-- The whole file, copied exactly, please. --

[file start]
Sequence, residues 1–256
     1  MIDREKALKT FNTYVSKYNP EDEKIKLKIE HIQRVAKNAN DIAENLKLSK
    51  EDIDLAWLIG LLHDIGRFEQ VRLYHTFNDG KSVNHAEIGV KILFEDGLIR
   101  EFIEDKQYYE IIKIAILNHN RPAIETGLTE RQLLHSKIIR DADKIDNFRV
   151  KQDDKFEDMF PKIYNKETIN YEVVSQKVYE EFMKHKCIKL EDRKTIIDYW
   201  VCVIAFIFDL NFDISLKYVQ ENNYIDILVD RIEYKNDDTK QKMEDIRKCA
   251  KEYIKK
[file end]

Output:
Sequence, residues 1–256
     1  MIDREKALKT FNTYVSKYNP EDEKIKLKIE HIQRVAKNAN DIAENLKLSK
    51  EDIDLAWLIG LLHDIGRFEQ VRLYHTFNDG KSVNHAEIGV KILFEDGLIR
   101  EFIEDKQYYE IIKIAILNHN RPAIETGLTE RQLLHSKIIR DADKIDNFRV
   151  KQDDKFEDMF PKIYNKETIN YEVVSQKVYE EFMKHKCIKL EDRKTIIDYW
   201  VCVIAFIFDL NFDISLKYVQ ENNYIDILVD RIEYKNDDTK QKMEDIRKCA
   251  KEYIKK